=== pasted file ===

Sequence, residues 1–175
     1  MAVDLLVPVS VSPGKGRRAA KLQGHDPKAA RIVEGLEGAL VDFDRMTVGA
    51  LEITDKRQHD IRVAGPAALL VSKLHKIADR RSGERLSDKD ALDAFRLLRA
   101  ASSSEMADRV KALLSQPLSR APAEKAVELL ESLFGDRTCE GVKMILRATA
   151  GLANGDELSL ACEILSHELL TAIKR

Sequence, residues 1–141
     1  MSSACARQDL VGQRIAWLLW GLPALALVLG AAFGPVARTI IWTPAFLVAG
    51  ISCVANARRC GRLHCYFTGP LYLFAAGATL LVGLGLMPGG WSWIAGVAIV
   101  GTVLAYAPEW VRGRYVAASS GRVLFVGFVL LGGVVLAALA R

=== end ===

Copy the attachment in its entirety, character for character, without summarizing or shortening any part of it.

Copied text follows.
Sequence, residues 1–175
     1  MAVDLLVPVS VSPGKGRRAA KLQGHDPKAA RIVEGLEGAL VDFDRMTVGA
    51  LEITDKRQHD IRVAGPAALL VSKLHKIADR RSGERLSDKD ALDAFRLLRA
   101  ASSSEMADRV KALLSQPLSR APAEKAVELL ESLFGDRTCE GVKMILRATA
   151  GLANGDELSL ACEILSHELL TAIKR

Sequence, residues 1–141
     1  MSSACARQDL VGQRIAWLLW GLPALALVLG AAFGPVARTI IWTPAFLVAG
    51  ISCVANARRC GRLHCYFTGP LYLFAAGATL LVGLGLMPGG WSWIAGVAIV
   101  GTVLAYAPEW VRGRYVAASS GRVLFVGFVL LGGVVLAALA R